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How to Handle Questions from the Audience after a Speech

Learn how to handle questions from the audience from media coach TJ Walker in this Howcast public speaking video.


So, how do you handle questions from the audience after a presentation or during a presentation?

Well for starters, don't panic, do not panic. It's a good thing that someone's asking you a question. It means they understand something about what you're talking about are intrigued or want more clarification. So, if it's not a huge, huge room full of a thousand people and you're not under a time restraint, I think it's a good thing that people interrupt you during your with a question.

First of all it's not your presentation, it's your audience's presentation, and so if somebody asks you a question they may be thinking about something or be confused about something that is on the minds of everyone else. So, it's a great way to create variety in your presentation, to be more responsive. And here's the thing if you're answering that persons question now, you have 100% proof that what you're saying is interesting to that person. So, I love when people interrupt me with questions.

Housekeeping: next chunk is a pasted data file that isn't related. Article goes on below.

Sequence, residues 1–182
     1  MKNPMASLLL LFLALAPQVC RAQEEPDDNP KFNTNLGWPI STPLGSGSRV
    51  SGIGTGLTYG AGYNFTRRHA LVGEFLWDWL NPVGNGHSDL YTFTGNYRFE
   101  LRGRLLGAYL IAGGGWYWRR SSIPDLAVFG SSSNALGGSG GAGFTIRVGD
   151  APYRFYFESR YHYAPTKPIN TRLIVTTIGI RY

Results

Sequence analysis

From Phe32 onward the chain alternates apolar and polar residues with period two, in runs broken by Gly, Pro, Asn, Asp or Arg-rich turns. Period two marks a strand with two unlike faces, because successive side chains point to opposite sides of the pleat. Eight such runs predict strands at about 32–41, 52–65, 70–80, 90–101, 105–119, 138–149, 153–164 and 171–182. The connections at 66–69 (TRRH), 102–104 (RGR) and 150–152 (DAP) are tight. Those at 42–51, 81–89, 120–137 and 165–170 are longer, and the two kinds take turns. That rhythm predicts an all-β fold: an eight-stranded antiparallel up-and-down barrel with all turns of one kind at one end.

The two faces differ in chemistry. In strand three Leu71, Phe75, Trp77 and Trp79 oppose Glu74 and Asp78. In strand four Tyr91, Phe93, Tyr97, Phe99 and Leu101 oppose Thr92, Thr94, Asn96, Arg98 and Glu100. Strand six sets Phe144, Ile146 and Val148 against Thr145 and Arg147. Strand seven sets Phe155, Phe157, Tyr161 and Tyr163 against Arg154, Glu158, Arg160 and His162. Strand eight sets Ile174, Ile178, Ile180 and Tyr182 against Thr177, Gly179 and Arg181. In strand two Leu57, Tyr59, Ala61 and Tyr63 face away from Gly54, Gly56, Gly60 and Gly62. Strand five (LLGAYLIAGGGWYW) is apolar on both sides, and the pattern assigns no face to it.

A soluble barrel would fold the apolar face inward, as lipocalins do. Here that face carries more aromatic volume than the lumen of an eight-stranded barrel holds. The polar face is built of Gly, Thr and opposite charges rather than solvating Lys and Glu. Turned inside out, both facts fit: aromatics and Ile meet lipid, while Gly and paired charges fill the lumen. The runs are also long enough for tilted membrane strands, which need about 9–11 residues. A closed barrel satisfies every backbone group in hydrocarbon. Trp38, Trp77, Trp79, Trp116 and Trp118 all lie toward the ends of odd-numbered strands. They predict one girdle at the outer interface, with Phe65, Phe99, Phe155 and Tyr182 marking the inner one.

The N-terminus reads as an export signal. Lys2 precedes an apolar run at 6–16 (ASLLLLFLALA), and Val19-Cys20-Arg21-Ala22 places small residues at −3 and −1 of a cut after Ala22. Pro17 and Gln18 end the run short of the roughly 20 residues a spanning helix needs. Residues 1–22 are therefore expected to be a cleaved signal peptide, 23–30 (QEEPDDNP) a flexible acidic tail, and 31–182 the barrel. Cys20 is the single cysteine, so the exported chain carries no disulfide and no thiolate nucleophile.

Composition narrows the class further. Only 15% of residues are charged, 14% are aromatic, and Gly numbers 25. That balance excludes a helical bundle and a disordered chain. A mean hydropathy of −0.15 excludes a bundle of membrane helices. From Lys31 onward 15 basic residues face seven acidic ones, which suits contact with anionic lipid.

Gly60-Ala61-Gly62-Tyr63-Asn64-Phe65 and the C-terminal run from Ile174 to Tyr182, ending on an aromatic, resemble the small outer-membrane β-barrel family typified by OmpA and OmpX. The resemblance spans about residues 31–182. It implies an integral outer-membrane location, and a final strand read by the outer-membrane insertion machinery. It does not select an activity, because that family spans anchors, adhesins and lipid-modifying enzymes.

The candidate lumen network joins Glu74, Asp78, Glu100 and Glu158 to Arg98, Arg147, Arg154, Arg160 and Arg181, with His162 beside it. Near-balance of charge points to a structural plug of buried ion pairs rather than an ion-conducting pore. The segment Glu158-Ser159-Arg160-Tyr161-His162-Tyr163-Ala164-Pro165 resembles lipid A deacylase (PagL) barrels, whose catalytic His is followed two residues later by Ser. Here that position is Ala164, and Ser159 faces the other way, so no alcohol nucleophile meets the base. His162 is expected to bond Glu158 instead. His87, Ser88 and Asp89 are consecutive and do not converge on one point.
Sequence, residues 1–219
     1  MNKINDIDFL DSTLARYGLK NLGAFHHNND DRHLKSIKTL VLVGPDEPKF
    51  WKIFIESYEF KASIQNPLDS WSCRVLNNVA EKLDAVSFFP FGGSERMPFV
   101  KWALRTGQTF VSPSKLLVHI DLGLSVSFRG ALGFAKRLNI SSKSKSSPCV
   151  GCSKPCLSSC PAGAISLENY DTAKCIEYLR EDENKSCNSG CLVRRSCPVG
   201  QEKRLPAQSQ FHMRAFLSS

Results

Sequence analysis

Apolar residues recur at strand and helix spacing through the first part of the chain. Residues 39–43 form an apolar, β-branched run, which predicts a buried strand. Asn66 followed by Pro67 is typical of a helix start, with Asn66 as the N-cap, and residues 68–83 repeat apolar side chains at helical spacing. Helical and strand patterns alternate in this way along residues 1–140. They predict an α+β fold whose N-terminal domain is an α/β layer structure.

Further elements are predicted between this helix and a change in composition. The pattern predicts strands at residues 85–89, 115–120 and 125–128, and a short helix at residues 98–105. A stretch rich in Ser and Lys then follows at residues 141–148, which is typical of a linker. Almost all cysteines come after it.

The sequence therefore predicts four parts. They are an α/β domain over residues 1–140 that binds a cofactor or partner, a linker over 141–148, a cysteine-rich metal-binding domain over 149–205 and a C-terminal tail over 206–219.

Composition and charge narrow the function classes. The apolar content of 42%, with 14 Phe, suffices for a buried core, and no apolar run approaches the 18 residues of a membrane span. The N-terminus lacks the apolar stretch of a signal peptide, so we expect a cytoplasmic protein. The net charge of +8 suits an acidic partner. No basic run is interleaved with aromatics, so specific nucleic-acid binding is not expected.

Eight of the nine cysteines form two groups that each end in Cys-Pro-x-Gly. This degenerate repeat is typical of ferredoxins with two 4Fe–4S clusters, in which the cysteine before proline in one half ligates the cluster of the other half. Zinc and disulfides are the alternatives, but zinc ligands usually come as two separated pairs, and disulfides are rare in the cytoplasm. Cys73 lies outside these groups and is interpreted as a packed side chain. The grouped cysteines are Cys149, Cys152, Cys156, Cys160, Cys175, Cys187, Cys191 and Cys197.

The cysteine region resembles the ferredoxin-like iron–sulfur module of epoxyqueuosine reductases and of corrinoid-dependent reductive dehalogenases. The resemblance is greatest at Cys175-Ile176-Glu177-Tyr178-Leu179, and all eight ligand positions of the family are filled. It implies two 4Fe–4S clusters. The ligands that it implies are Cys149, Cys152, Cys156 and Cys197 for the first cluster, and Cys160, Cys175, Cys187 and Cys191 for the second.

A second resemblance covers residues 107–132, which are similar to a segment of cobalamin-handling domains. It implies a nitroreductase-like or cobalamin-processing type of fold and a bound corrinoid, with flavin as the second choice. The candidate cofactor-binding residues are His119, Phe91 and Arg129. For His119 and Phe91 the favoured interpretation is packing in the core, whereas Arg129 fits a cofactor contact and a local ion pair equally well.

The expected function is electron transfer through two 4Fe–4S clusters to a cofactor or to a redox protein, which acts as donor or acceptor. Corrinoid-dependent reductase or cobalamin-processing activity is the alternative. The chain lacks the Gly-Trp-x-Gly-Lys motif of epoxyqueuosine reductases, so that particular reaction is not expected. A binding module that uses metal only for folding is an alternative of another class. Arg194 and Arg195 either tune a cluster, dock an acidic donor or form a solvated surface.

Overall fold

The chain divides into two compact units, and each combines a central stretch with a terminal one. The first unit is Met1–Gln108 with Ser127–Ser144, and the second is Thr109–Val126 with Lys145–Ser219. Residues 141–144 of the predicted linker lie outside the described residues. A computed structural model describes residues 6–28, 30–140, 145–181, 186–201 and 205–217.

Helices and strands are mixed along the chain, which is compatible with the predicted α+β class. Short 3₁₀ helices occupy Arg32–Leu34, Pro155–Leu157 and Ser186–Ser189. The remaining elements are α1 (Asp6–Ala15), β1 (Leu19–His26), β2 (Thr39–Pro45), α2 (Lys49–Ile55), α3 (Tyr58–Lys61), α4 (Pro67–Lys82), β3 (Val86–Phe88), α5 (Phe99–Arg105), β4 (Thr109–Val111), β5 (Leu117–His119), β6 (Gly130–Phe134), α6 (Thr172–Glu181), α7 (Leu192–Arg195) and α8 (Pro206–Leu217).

A couple of tips whether it's in the speech or after your presentation, you've got to really listen carefully. Don't cut them off because you've heard it before and you think you know where they're going. Really listen to the question and then answer it the best you can. If you're asked a question you don't know the answer to, don't panic. Don't look like, oh my gosh I'm so embarrassed. If someone asks you a question you don't know the answer say, you don't know and then bridge to something that is relevant that you do know, or if it's something you know you can find out say, I can find out and I can email you back the answer later today. The key is don't act flustered, don't act annoyed, don't act bothered, don't act embarrassed. You are happy that people are asking you questions. In fact if you had your choice you'd stay all day long to answer questions. That's the level of enthusiasm you want.

When asked a question, start by looking right at the person but then address other people in the room because presumably the question that that person asked is interesting and relevant to the other, too. I would start with the person who asked, look at other people, give an example, and then finish by looking at the person who asked the question. Don't say did that answer your question? You should have answered the question. Get ready to take another one.

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